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For more than a century, competitive sports have brought athletes from across the globe together. However, few sports have managed to unify every culture. That was before esports, of course. Transcending the cultural obstacles posed by more conventional sports, video games have a universal appeal that’s led esports to become a global phenomenon in recent years. Far from being a passing fad, esports have mass appeal. In 2022, more than 532 million people tuned in to watch esports events. By 2025, viewing figures are expected to soar beyond 640 million. 

The Earliest Days of Esports 

Competitive gaming is by no means a modern invention. To find the first esports tournament that we’d recognize today, we’d have to go back all the way to the 1970s. The first small-scale esports tournament was held in 1972, when 24 competitors came together to play Spacewar!, a rudimentary space combat game. Although this title might seem prehistoric compared to games from today, its multiplayer capability was revolutionary considering the era. The lucky winner walked away with little more than a Rolling Stone subscription, a far cry from the $40 million prize pool that was up for grabs at The International 2021. 

For many years, competitive gaming would be largely confined to the arcade and LAN parties. In fact, it wasn’t until the 1990s that any real traction toward globalization set in. Finally, actual tournaments were being organized, with South Korea being one of the first countries to truly embrace esports. Noticing a real appetite for competitive gaming, the government even advocated the establishment of internet cafes to encourage more citizens to take up gaming professionally. Why was South Korea so ahead of the pack when it came to esports? It didn’t hurt that the country enjoyed a domestic broadband network that would put many nations to shame, even today.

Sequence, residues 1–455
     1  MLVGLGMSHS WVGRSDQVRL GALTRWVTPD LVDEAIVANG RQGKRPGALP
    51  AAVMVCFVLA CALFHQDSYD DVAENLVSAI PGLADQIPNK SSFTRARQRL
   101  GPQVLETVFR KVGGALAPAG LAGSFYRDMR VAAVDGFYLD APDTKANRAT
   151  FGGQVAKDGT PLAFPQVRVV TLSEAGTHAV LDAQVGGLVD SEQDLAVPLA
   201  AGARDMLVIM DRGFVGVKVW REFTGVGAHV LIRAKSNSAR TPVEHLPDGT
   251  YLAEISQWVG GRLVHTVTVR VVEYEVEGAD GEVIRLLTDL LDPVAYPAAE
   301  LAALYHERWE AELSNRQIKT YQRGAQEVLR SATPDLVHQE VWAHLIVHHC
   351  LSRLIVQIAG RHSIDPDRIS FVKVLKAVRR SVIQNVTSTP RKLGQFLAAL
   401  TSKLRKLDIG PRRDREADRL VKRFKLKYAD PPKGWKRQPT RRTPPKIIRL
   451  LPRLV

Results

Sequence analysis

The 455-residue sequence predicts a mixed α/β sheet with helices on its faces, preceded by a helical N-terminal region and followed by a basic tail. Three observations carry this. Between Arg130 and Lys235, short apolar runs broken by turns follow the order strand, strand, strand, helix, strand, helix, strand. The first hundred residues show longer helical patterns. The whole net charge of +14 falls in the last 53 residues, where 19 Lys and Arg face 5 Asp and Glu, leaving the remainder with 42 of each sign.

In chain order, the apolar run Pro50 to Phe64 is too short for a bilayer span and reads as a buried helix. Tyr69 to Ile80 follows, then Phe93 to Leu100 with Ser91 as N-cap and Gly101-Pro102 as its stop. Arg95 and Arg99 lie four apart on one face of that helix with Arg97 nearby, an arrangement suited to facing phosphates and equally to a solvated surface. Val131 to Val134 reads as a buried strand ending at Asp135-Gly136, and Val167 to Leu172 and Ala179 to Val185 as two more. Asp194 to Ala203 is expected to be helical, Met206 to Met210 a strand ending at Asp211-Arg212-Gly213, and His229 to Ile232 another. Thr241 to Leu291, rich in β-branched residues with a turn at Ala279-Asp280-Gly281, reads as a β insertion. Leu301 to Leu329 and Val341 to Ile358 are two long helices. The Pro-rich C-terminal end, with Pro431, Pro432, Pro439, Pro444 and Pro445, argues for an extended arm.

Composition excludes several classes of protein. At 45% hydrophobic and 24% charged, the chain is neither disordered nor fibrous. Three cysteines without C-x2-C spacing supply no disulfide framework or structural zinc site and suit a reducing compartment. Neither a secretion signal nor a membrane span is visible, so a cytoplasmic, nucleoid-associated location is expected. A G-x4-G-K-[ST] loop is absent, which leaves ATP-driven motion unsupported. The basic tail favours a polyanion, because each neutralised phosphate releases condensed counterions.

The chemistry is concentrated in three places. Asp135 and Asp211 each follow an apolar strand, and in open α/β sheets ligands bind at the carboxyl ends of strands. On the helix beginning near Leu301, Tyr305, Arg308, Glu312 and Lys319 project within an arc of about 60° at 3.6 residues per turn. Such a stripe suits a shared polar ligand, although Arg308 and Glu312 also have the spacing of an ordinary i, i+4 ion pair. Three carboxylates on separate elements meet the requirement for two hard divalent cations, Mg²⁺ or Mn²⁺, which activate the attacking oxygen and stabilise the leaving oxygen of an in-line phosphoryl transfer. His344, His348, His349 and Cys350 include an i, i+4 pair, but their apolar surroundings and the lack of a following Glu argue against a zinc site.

The First Major International Esports Tournaments 

It would be in South Korea that the first major international esports tournament was held. In 2000, Seoul played host to the inaugural World Cyber Games, with games like StarCraft: Brood War, Unreal Tournament, and FIFA 2000 all being played. It would return every year until 2013 when the World Cyber Games took an extended hiatus. However, it returned once more in 2019, with an inflated prize pool and a broader selection of games. Along with most other tournaments, the games went online in 2020, before coming home in 2023 when South Korea once again resumed hosting duties. 

Another early esports event was the Electronic Sports World Cup (ESWC). While European clans were still few and far between at this point, there was surging interest in the idea of competitive gaming. The first edition of the ESWC was largely focused on PC titles, although console titles would eventually be brought into the mix. Halo 2 was one such game, with the franchise becoming central to international esports competitions in the years since. Keen to see which Halo teams are currently coming out on top? Find everything you need at

Esports Becomes a Truly Global Enterprise 

With local leagues growing in number, it was only a matter of time before international events became the standard, rather than the rare exception. The following decade would see games like Counter-Strike and Call of Duty emerge as esports favorites. However, it’s arguably MOBA games that helped transform competitive gaming into a true spectator sport. Titles like DOTA 2 and League of Legends meant that strategy and teamwork became central to the makeup of major league esports. In more recent years, the likes of Valorant and Fortnite have emerged as modern-day MOBA classics. 

It’s not just independent tournament organizers that are driving interest in esports. For years, fans have been crying out for esports to be recognized as a genuine competitive sport. These prayers were finally answered in 2022 when the International Olympics Committee (IOC) announced the inaugural Olympics Esports Series. Bringing together players from Europe, North America, Africa, Oceania, and Asia, few tournaments have been able to match the global scope of the first edition of the Olympics Esports Series.

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